…And one for the country” The effect of the Baby Bonus on Australian women’s childbearing intentions’,

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In 2004, at a time when the nation was experiencing the lowest fertility trends in its history, the Australian Federal Government introduced the offer of a cash payment of $3,000 to all women on the birth of a new baby. The maternity payment, commonly known as the baby bonus, was increased to $4,000 in 2006 and to $5,000 in 2008. While not explicitly declared a pronatalist policy at the time of its introduction, the baby bonus was later credited with helping to halt the decline of the nation’s aggregate birth rates. This paper examines the effect of this policy on Australian women’s childbearing intentions from 2001 to 2008, using panel data from the Household, Income and Labour Dynamics (HILDA) Survey. The results indicate that the introduction of the baby bonus coincided with a statistically significant increase in women’s childbearing intentions. More specifically, the strongest increase occurred among women from lower-income households, potentially implying that the policy had the strongest effect on women who, given their current characteristics, are relatively likely to be reliant on welfare assistance to raise their children over the long term. The inferences drawn from the paper’s findings raise concern over the capacity of the baby bonus policy to reduce aggregate dependency rates.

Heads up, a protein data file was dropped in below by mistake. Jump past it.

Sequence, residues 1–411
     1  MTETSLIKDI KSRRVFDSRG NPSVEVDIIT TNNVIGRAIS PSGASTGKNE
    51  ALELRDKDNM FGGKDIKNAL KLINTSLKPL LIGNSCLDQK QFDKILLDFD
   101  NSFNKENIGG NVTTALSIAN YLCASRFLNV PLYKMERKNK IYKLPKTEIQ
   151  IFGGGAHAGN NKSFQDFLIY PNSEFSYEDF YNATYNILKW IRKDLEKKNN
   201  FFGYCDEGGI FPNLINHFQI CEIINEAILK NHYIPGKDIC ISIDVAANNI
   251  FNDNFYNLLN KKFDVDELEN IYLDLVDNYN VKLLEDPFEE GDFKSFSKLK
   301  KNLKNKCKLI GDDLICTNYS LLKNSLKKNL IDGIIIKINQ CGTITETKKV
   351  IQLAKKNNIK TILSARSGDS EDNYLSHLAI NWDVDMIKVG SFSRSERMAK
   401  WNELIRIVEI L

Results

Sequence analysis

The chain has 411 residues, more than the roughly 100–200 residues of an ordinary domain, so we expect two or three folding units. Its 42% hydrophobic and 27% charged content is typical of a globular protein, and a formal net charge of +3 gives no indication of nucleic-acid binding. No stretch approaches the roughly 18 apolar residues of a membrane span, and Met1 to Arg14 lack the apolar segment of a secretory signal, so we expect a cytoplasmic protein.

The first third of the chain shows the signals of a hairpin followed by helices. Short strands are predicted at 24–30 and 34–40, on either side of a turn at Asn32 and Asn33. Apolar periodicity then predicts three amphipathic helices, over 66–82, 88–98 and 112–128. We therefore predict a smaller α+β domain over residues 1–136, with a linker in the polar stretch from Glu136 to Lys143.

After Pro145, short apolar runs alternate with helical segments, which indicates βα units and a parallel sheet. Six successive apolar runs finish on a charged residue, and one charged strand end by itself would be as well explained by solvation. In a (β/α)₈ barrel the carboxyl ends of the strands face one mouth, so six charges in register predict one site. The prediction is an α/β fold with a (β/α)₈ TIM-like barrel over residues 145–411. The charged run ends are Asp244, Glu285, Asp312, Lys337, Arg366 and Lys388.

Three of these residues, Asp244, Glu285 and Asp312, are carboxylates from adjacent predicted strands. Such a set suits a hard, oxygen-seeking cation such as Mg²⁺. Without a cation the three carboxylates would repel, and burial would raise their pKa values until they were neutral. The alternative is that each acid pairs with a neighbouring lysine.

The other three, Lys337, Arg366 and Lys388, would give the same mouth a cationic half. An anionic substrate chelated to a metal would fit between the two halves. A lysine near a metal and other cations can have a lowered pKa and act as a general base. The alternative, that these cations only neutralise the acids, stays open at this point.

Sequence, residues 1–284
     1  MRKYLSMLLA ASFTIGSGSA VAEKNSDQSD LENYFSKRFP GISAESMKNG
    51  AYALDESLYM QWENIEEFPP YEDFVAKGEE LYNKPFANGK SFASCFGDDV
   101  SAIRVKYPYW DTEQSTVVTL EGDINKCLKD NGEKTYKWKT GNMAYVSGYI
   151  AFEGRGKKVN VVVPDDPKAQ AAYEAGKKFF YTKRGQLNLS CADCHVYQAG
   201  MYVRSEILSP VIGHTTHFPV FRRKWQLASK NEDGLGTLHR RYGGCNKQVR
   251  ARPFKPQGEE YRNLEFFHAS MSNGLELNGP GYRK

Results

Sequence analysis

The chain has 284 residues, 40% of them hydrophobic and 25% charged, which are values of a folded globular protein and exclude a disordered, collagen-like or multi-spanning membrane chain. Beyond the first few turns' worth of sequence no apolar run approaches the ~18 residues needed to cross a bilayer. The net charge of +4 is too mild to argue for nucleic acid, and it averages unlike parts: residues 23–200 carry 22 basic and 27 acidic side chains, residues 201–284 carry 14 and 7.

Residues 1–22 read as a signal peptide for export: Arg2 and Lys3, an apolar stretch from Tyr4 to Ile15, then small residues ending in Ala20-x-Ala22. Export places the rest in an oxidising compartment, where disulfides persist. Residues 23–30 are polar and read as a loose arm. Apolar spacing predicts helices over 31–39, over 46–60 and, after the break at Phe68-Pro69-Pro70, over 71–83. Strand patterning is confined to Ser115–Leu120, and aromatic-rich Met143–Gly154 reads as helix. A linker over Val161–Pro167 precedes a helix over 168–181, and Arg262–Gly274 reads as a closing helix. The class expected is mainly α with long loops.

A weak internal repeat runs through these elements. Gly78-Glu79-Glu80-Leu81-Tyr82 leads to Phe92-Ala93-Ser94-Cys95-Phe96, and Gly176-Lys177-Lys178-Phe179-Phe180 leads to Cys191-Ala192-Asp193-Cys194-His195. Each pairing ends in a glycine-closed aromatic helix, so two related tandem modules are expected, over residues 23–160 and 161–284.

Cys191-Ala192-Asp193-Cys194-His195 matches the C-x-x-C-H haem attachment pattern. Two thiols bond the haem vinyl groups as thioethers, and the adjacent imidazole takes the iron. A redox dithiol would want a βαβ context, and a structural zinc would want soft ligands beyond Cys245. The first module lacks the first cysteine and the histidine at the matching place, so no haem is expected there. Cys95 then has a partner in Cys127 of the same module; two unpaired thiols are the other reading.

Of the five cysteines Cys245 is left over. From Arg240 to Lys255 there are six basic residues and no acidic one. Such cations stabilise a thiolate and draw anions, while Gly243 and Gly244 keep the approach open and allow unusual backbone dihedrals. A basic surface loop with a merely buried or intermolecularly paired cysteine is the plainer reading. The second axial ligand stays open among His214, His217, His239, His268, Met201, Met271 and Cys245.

Original languageEnglish
Pages (from-to)213-240
Number of pages27
Journal Journal of Population Research
Publication statusPublished - 2010
Externally publishedYes


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